The Durrells are one of those famed British families, like the Mitfords, who capture the imaginations of so many people through fictionalisations, dramatisations, and their own personal autobiographies about their unusual, unbelievable, adventurous lives. This new stage adaptation by Janys Chambers of Gerald Durrell’s autobiographic writing recreates the chaos and humour of 1930s Corfu for familiar and unfamiliar audiences alike.
While Lawrence Durrell was arguable the famous writer of the family, the youngest naturalist also wrote a series of books from which were adapted this script and the popular British television show the Durrells which ran from 2016 – 2019. Set across a number of years, Chambers’s script includes the Durrell’s first move to Corfu from England, their many moves and relationships and adventures on the island, as well as their eventual return to England. The whole family of Durrells including Louisa (Cindy de Wet), Margo (Deanne Ruseska), Larry (Gordon Carroll), Leslie (Joash Stuivenberg), and Gerry (Dominique Nesbitt) forge a rambling, rambunctious path through the Greek countryside with help from their driver Spiro (Theo Hatzistergos), their cook Lugaretzia (Cris Bocchi), and an ever loyal pup named Roger (Jordan McCabe). As co-directors Elizabeth Munro and Mark G Nagle reflect in their directors’ note, the structure of the script is much like a collected series of postcards with Gerry narrating his family’s time in Greece through unusual experiences, new friendships, visitors, and many, many encounters with animals and, similarly exoticised, locals.
The set design by Mitchell Latham was large and expansive, extending to incorporate the sides of the stage in order to fully capture the freeing atmosphere of Corfu. With vines and trees stretching into the audience, the set represented Gerry’s perspective on the wide expanse of nature to explore, while also using a backdrop of white lace to create a sense of airy movement on stage, evoking the refreshing ocean breeze of the Mediterranean. The costuming set the action firmly in the interwar period while puppetry and many props by Nicola Fox and Ella Monti brought the wildlife of Gerry’s childhood to life from a realistic dog sidekick to snakes to a pair of menacing and mischievous magpies (Bocchi and Susan Dachateau). Co-directors Munro and Nagle faced an ambitious task of staging an adaptation chock full of scene locations, non-human characters, human characters, and chaotic action but their choice to pare back the staging to its largest capacity with semi-visible off-stage areas and scene changes only amplified the imaginative quality of Gerry’s narration and the unbelievable antics his family got up to.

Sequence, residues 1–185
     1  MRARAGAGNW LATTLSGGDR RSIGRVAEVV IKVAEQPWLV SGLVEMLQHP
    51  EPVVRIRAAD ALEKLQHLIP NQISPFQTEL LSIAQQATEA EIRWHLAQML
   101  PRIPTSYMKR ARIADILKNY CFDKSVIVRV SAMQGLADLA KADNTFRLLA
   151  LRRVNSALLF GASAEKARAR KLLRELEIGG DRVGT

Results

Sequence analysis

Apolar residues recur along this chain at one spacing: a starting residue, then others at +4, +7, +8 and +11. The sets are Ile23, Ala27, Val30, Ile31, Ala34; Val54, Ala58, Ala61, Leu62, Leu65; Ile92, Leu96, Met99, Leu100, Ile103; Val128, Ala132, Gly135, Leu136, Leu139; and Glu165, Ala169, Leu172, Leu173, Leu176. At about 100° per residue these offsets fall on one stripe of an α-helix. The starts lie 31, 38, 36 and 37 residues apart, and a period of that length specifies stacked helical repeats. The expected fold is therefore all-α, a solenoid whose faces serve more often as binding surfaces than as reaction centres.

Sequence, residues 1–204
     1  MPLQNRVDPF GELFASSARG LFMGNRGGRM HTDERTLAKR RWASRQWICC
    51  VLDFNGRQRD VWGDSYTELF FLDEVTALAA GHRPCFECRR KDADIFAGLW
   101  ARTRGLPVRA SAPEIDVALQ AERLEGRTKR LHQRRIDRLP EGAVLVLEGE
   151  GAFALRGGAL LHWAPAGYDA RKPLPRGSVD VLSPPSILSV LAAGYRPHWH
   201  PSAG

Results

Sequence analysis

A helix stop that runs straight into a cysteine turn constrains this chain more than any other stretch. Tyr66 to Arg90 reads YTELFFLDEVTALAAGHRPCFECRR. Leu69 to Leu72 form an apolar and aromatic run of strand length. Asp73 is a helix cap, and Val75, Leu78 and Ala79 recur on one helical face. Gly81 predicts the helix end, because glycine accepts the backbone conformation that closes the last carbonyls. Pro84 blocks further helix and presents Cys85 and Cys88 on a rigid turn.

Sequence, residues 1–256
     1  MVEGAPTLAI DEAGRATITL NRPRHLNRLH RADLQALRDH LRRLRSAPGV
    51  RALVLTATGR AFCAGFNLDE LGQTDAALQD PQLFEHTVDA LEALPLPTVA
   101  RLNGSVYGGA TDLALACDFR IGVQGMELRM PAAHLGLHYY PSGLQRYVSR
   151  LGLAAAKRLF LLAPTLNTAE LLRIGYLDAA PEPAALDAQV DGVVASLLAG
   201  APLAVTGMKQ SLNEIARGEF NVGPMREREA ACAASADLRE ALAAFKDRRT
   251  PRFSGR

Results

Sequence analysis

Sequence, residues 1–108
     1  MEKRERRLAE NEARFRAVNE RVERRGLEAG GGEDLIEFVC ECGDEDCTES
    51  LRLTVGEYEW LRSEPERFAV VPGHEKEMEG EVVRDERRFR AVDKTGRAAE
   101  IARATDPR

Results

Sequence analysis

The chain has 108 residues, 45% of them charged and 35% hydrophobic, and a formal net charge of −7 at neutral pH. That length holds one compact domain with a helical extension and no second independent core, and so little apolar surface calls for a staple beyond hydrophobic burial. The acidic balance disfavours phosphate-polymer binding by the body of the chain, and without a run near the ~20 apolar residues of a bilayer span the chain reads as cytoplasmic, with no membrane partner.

The ensemble cast were vibrant, bringing immense energy to even minor characters such as the customs officer (Cynthia Ning), hotel manager (Brigitte Claire Everett), and a pair of surprisingly humorous movers (Liam O’Carroll and Andrew Cougle). The Durrells were also humorously constructed with a sharp, familial dynamic between all the siblings that lead to misunderstandings and outbursts before they all eventually, comfortingly reconciled. Nesbitt’s Gerry was inquisitive and endearing with a boldness that led him both into trouble and discovery. Stuivenberg and Ruseska were notable for their commitment to their characters as fully-fledged and often times annoying teenagers while de Wet’s Louisa had an interesting balance between strict and free-wheeling that was perhaps largely responsible for the chaos around her home. While My Family and Other Animals was tuned to be a comedy, something about the timing of the performances, a certain stiffness in delivery or an overly serious approach to the material, meant many of the jokes fell flat, causing the fast-paced scenes to stretch and lag. Nesbitt’s narration seemed unbothered but this miscalculation robbed a lot of the scenes of their warmth.
Additionally, there was a definite contrast between the upright Durrells and the emphatic and emotional Greeks including Hatzistergos’s Spiro with his often overly enthusiastic help or Tarkan (Javad Ziaolhagh) with a particularly forward and confident approach to wooing Margo. Other elements of exoticisation and othering between the British and the foreigners included a handful of characters who entered, often silently, to awe Gerry with unusual treasures or mystical powers of dance or song. These representations of otherness illuminated My Family and Other Animals as an artefact deeply steeped in the imperialism of the British Empire and the particular brand of exoticism and adventure that writers like the Durrells marketed to eager readers. Especially in comparison to another British classic performed at the Genesian in 2021, A Passage to India, these texts so beloved and indebted to a characterisation of British imperialism as quirky, curious, and innocent are perhaps in need of revisiting with a more critical, or at least pragmatic, view of encounters between empire and “other”.
Gerry’s memories of his childhood in Corfu capture the zany freedom and excitement so many imagine in a life away from their banal humdrum. What would strengthen the sentiment would be more complex attention paid to the site of the Durrells’ adventures of self-discovery: the people and places that have existed and continue to exist around their narrative as equally interesting and valuable stories in their own right. With a slight shift in perspective, the Durrells and their stories could continue to delight audiences for another century to come.
My Family and Other Animals is running at the Genesian Theatre from September 17th – October 22nd
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